Ridgefield National Wildlife Refuge, Washington © Rex Vogel, all rights reserved

Opportunities for outdoor recreation also draw people to national wildlife refuges. Many visitors enjoy fishing, paddling, wildlife viewing, nature photography, and hiking with 2,100 miles of public walking trails and boardwalks available. All these activities offer visitors a chance to unplug from the stresses of modern life and reconnect with their natural surroundings.

Babcock State Park, West Virginia © Rex Vogel, all rights reserved

Here, we’ve put together a list of incredible state parks and natural wildlife refuges from coast to coast. You will feel safe with our researched “isolation itinerary.”

Gulf State Park © Rex Vogel, all rights reserved

Gulf State Park, Alabama

Located along the southern coastline of Alabama, Gulf State Park provides a beautiful escape to the seashore and nearby lakes. Use the in-park camping and full hookup RV sites as your base camp for hiking, biking, fishing, kayaking, and canoeing. Or stay in one of the cottages or cabins found around the park. With more than 3.5 miles of white sand beaches and 28 miles of paved trails or boardwalks, there’s plenty of space.

Ridgefield National Wildlife Refuge © Rex Vogel, all rights reserved

Ridgefield National Wildlife Refuge, Washington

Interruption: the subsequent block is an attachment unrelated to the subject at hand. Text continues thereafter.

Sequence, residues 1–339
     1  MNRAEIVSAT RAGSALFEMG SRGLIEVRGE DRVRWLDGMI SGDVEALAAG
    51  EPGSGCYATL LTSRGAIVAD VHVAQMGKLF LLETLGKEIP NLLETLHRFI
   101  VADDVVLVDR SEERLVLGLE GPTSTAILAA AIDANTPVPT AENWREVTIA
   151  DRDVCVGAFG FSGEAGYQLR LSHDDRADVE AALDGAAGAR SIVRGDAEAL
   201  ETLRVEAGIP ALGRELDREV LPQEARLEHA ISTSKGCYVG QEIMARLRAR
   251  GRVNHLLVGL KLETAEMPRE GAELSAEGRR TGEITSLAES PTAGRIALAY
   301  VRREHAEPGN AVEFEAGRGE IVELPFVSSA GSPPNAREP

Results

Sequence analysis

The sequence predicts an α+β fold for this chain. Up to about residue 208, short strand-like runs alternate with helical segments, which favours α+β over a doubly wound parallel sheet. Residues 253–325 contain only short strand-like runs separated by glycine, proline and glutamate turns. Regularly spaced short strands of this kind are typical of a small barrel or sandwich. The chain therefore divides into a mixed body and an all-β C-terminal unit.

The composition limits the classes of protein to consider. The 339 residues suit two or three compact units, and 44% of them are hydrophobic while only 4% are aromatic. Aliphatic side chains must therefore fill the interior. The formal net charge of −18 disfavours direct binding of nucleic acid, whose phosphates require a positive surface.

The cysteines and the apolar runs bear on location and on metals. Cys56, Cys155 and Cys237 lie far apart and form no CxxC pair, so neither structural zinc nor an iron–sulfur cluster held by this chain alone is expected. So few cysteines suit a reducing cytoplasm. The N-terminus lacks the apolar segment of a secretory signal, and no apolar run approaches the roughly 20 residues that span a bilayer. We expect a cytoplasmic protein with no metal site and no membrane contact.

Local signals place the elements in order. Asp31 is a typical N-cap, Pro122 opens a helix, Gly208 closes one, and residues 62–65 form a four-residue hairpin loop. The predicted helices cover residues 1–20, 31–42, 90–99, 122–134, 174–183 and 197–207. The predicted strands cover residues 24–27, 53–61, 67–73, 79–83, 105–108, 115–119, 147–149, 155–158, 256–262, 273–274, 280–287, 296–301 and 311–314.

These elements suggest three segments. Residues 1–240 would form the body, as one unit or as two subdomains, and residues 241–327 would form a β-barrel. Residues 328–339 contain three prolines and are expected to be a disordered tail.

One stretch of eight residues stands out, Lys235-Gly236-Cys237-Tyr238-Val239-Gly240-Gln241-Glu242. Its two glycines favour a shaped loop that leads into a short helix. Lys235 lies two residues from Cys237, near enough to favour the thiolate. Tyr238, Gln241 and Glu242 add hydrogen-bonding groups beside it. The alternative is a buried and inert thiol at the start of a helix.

The Ridgefield National Wildlife Refuge preserves thousands of acres of diverse habitats and archaeological sites alongside the Columbia River. Taking a stroll from the parking lot, the pedestrian bridge allow you to stand over the railroad tracks and gaze westward over the mosaic of seasonal wetlands, permanent wetlands, grasslands, upland forests, riparian corridors, oak woodlands, and croplands that become home to thousands of ducks, geese, and swans that winter on the Refuge.

Glade Creek Grist Mill, Babcock State Park © Rex Vogel, all rights reserved

Babcock State Park, West Virginia

The 4,127-acre Babcock State Park is 20 miles southeast of Fayetteville  and the New River Gorge Bridge. You can hike, fish, and mountain bike in this scenic park though a huge attraction is seeing the Glade Creek Grist Mill. This is a fully functioning replica of Cooper’s Mill which once stood in the same area. The mill attracts photographers from all around to capture idyllic scenes along the creek. Campsites are available for overnight stays.

Bitter Lake National Wildlife Refuge © Rex Vogel, all rights reserved

Bitter Lake National Wildlife Refuge, New Mexico